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Hands only CPR in California


Authored by Lisa Vittayarukskul, CSULA U.S.U. Board of Directors Chair

As you may know, California had a chance to create a new generation of lifesavers by passing legislation to teach Hands-Only CPR (cardiopulmonary resuscitation) to high school students as a component for graduation. Unfortunately, the bill did not pass this legislative session, but that doesn’t mean we’re giving up the cause, and here’s why!

Each year, over 326,000 out-of-hospital cardiac arrests occur in the United States. Cardiac arrest – an electrical malfunction in the heart that causes an irregular heartbeat (arrhythmia) and disrupts the flow of blood to the brain, lungs and other organs – is a leading cause of death in the United States. When a person has a cardiac arrest, survival often depends on immediately receiving emergency cardiac care including effective bystander CPR and use of automated external defibrillators (AEDs). For every minute without CPR, survival from witnessed cardiac arrest decreases 7-10 percent.  The time between the initial 9-1-1 telephone call and the arrival of Emergency Medical Services personnel may be longer than five minutes; therefore, a cardiac arrest victim’s survival is likely dependent on a bystander emergency cardiac care.

Unfortunately, the truth is approximately 70% of Americans felt helpless to act during a cardiac emergency because they do not know how to perform CPR or they are afraid of hurting the victim.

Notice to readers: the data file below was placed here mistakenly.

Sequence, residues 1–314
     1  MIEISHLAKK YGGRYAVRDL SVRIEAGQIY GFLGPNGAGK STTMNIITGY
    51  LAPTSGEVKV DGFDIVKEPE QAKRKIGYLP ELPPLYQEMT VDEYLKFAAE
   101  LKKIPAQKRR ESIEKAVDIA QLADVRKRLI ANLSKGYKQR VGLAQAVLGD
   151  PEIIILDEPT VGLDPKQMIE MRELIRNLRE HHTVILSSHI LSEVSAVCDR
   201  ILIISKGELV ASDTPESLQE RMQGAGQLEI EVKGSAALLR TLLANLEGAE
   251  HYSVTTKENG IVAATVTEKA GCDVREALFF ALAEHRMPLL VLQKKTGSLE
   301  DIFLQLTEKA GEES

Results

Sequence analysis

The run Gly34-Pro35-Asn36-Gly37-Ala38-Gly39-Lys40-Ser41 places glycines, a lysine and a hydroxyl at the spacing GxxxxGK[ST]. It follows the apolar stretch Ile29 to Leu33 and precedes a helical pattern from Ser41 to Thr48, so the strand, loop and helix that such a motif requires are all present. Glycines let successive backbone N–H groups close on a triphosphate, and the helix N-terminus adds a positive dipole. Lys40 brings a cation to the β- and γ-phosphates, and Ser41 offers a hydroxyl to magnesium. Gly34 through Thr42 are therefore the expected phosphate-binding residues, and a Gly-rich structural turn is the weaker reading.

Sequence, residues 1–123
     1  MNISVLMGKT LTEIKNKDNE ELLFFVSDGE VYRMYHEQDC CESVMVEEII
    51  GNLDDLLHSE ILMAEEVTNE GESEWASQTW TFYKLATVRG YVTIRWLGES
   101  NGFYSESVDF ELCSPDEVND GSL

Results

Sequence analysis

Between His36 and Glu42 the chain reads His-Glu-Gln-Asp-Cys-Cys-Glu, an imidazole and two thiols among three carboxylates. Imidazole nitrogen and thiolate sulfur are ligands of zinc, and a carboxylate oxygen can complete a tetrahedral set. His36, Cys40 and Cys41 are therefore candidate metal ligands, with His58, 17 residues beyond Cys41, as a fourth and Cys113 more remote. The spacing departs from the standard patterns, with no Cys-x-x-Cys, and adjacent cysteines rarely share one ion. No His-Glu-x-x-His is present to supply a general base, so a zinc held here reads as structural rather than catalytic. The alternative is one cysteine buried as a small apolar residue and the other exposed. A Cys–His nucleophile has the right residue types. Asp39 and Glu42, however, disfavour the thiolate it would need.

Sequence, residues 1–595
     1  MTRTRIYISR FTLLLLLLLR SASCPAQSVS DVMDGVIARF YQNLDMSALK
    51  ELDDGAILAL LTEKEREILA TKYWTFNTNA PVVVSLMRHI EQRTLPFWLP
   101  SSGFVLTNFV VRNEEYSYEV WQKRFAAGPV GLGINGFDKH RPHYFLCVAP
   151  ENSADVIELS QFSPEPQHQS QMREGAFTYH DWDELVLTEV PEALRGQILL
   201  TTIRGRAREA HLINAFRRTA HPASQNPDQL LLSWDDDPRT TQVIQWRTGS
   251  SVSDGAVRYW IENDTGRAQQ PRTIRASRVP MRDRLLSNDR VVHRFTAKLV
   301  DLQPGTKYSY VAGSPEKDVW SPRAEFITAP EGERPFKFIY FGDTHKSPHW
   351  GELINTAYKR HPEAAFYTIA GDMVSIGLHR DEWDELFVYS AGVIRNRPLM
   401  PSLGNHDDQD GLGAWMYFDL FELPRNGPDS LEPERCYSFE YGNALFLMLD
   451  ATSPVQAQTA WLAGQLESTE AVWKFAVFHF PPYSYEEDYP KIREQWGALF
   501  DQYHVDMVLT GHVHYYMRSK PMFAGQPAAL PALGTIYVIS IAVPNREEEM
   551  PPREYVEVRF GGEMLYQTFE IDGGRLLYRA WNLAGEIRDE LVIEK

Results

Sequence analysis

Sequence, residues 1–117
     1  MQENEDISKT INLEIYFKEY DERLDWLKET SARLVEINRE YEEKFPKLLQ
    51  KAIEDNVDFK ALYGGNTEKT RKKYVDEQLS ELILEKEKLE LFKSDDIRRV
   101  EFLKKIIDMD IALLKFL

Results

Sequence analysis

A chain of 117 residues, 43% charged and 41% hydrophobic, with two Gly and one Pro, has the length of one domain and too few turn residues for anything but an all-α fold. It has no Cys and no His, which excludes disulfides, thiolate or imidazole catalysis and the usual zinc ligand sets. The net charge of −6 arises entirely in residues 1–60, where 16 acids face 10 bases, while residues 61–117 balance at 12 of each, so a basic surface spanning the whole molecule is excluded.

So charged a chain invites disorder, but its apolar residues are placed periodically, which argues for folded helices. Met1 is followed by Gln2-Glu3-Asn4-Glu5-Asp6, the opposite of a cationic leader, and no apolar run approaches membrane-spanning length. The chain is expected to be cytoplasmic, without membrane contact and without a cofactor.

New research published in the Journal of the American Medical Association (JAMA) showcased data which reflected that the number of people with cardiac arrest who got bystander CPR and use of defibrillators by first response increased from around 14% in 2010 to 23.1% in 2013. In addition, prior research has shown that Hands-Only CPR –focusing solely on chest compressions–can prevent brain damage and double or triple survival rates. Another study followed patients with bystander-witnessed out-of-hospital cardiac arrest (OHCAs) between 2005 and 2010 and found that the number of events had increased; with on-site public defibrillators, the bystander chest compression and bystander defibrillation had increased as well. Overall, bystanders who offer CPR to a person in need can improve their survival rates and reduce associated neurological issues, such as brain damage that can result from cardiac arrest.

According to the official journal of the American Heart Association, Circulation, provision of bystander CPR is known to be a critical determinant of survival from OHCAs. Affiliated studies have demonstrated survival rates much higher (from 47.6% to 53%) than the estimated overall average rate of survival from OHCA (7.9%), using a variety of strategies for early defibrillation in which AEDs were used by responders who were not healthcare professionals.

As stated in Circulation, the International Liaison Committee on Resuscitation strongly recommended in 2003 that CPR training be incorporated into secondary school student’s curriculum with the rationale that over the long term, teaching students lifesaving skills of Hands-On CPR would annually put thousands of lifesavers in our communities, creating a generation of first responders.

So far, only 24 states have established policies to incorporate CPR training for high school graduation. With 4,495 high schools in California and only two districts mandating CPR training as a high school requirement, there thousands of students missing out on learning the lifesaving skills of Hands-On CPR!  We will continue to pursue local and state level legislation to incorporate emergency cardiac care skills, like Hands-On CPR, into our schools with the goal of creating a new generation of lifesavers.

If you don’t know Hands-On CPR, take two minutes to learn the basic skills here.


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